Part of the strangeness is due to what Butterfield describe as “acting in a vacuum with no guarantee of a release in performance.”

Paul Jennings recently completed a season with New Zealand’s Pop Up Globe Theatre where four understudies covered forty actors performing 5 different shows. He points out that keeping a healthy relationship to understudying requires “fighting the faulty self-perception that somehow being an understudy is ‘less than’ being the cast actor... The bottom line is that it's what you choose to make of it—if you view it as doing the work because you love the work, then you've already removed a lot of the ego trap.”

Foster also points out that while audiences may not see an understudy perform, it is still a useful way for actors to forge relationships with theatres where they want to work. “It’s how you get to know them as actors and you start to try and find opportunities for them, Foster says. “That’s how I got to know Cindy Im and James Seol.”  Im performed in A.C.T.’s productions of Vietgone and Stuck Elevator. Seol was cast in Vietgone after Foster grew to know his work when he understudied and went on for B.D. Wong in the theatre’s 2014 production of Orphan of Zhao.

William J. Brown credits his work understudying Lysander and Demetrius in San Francisco Shakespeare Festival’s 2007 production of A Midsummer Night’s Dream with helping him to land other roles. Once a week Brown and his fellow understudy would run everything on stage before the show. Ken Kelleher, the show’s director, took note and asked Brown to audition at Pacific Repertory Theater where Kelleher served as artistic director. “[That audition] turned into eight shows there, and two shows at San Jose Stage,” Brown says.

Benjamin says understudying is also about skill building. “Regardless of whether or not I go on, the opportunity to rehearse and learn this role is pushing me as an actor....The mental challenge and discipline of understudying, always being prepared to go on ... I'll bring that same focus to future projects.”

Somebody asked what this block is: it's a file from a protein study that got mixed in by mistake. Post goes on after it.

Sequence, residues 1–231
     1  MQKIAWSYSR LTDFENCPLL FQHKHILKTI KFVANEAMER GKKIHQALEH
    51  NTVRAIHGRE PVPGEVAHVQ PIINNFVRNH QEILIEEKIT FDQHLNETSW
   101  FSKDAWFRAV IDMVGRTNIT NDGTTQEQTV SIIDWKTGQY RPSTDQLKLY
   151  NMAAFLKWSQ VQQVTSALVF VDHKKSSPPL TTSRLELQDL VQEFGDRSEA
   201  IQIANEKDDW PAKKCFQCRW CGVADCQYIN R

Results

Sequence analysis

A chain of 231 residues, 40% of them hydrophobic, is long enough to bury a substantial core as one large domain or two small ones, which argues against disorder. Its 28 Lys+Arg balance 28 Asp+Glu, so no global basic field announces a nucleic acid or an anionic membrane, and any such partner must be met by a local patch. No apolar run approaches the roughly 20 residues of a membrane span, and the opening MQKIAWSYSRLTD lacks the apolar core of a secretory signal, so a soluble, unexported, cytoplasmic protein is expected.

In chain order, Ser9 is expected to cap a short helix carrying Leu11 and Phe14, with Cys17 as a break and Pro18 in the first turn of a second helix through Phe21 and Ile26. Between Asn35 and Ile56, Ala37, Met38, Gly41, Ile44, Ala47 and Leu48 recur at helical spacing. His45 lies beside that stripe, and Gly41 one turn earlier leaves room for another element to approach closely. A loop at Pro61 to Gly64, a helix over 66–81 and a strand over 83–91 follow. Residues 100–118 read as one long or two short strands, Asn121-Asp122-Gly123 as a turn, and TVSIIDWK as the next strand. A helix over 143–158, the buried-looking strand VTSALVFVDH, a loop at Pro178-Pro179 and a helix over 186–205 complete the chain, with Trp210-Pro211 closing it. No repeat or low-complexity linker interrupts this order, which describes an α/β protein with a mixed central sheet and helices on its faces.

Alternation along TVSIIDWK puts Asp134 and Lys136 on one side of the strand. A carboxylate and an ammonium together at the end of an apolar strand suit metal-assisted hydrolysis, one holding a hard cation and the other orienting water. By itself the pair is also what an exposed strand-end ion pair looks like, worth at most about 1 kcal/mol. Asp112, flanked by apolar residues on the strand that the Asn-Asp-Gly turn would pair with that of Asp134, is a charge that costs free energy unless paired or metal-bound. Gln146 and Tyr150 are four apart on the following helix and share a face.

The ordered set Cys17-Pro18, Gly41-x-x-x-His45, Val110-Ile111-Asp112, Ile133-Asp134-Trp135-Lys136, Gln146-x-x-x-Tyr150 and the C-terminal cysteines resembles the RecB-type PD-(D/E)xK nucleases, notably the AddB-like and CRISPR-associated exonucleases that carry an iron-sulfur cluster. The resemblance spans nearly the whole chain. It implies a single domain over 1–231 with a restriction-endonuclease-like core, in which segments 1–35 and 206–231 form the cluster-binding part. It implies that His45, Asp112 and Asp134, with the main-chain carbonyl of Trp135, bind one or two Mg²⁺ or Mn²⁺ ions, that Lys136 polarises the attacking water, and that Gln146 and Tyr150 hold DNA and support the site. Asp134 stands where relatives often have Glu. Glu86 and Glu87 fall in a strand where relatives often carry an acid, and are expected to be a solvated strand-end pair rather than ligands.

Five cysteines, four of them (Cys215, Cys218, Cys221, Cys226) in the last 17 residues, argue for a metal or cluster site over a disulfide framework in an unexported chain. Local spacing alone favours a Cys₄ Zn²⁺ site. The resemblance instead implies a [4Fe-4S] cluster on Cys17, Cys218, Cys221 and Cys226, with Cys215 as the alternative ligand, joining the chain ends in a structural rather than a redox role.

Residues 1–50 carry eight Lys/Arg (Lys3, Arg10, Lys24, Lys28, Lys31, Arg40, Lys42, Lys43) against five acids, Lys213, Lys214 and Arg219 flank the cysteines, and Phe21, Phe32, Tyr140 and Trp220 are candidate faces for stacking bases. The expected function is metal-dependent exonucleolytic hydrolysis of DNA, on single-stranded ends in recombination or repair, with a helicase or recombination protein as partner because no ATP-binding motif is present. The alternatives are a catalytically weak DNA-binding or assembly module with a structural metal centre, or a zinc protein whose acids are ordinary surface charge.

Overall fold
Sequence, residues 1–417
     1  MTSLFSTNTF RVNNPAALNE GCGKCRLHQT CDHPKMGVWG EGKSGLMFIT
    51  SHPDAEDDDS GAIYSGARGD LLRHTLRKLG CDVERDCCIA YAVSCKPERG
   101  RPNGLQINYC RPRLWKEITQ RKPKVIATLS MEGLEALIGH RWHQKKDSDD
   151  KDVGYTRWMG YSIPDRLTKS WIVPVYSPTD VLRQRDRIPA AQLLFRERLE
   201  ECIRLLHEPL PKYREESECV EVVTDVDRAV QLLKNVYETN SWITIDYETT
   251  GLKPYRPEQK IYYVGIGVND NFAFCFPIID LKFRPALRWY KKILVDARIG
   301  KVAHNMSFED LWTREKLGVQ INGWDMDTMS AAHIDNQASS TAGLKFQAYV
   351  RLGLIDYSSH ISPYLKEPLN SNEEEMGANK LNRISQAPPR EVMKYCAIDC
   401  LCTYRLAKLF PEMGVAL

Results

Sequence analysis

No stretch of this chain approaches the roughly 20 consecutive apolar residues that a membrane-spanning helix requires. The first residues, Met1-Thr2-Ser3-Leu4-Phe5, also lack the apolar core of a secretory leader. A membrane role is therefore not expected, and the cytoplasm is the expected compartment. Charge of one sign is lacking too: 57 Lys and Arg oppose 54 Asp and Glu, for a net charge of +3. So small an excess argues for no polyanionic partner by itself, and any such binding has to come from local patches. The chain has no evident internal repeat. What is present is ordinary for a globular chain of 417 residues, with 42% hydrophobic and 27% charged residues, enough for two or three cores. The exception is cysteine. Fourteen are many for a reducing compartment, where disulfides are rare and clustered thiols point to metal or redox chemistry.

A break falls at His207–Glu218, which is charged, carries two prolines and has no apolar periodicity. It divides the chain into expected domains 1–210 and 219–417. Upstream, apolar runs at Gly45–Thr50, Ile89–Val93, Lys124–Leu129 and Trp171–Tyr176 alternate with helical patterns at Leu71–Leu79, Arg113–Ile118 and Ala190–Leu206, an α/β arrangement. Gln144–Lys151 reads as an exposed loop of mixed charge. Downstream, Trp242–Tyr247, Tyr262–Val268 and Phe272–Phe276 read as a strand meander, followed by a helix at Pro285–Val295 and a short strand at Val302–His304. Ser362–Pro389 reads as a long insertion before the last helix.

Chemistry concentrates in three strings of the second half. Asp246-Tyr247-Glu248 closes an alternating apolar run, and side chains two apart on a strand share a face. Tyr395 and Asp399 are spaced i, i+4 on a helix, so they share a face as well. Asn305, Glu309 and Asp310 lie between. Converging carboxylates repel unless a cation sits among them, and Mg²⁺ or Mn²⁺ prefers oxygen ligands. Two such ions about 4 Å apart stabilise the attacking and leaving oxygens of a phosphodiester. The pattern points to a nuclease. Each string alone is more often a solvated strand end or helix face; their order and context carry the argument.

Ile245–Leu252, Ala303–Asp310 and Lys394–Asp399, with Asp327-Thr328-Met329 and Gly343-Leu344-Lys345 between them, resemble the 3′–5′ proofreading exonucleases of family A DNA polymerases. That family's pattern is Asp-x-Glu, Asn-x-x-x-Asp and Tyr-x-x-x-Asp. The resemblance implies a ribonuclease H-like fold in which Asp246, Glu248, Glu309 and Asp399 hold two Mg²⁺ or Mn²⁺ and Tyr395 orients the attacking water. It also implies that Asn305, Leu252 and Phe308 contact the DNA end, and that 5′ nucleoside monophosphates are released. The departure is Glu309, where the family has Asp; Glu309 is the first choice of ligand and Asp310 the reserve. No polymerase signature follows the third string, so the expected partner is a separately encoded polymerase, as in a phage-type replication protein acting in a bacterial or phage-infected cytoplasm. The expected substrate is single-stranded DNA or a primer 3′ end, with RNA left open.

For Asberry, it’s about a kind of apprenticeship. “I got to [understudy] Steven Anthony Jones in both Fences and Father, and Steven has already done everything that I am trying to do in my career. I can only benefit from watching and working under his lead. I look at it as paid training.”

 This type of training can also prepare you for future opportunities, Asberry points out. “After having understudied Fences at MTC, I auditioned for a production of that same show three years later with Pacific Conservatory Theatre, booked it and had an absolutely fantastic run. The previous understudy experience served me extremely well in that case.”

 Lauren Spencer is an actor, activist, and teaching artist based in San Francisco.


Elizabeth Finkler says...
Posted Thursday, May 17, 2018
Great article. I understudied two roles in the SF Shakespeare Festival "Hamlet" last year, and learning the parts on my own was definitely the hardest part. (I usually soak up the dialogue in rehearsal.) And I did make some friends and get a toe in the door with this company. Onward and upward....
Laura Espino says...
Posted Wednesday, May 16, 2018
I love the timing of this piece. Just today I accepted an offer to understudy a track of roles this summer and it's very encouraging to read other actors' experiences. Thank you for writing this!!